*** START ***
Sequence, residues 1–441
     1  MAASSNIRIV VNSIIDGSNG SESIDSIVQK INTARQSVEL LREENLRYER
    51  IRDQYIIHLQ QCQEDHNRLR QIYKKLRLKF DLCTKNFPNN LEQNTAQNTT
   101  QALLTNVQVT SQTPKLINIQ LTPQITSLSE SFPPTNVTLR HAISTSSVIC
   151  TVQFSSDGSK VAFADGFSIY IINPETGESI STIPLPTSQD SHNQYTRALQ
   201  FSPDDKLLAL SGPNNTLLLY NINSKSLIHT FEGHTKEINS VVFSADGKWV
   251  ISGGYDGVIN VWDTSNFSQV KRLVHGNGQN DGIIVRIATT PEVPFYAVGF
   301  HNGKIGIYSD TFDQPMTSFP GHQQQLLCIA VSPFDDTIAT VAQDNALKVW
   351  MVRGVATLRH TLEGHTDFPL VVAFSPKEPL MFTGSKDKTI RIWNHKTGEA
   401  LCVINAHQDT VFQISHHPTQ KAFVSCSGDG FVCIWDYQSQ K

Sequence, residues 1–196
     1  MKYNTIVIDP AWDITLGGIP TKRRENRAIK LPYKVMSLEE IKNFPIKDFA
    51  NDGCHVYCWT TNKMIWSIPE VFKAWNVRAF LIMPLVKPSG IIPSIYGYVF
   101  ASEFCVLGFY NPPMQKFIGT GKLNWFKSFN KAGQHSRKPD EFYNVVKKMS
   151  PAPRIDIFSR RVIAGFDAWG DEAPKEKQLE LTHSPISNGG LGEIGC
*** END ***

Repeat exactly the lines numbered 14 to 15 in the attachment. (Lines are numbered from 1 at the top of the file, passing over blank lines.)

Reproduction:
   101  ASEFCVLGFY NPPMQKFIGT GKLNWFKSFN KAGQHSRKPD EFYNVVKKMS
   151  PAPRIDIFSR RVIAGFDAWG DEAPKEKQLE LTHSPISNGG LGEIGC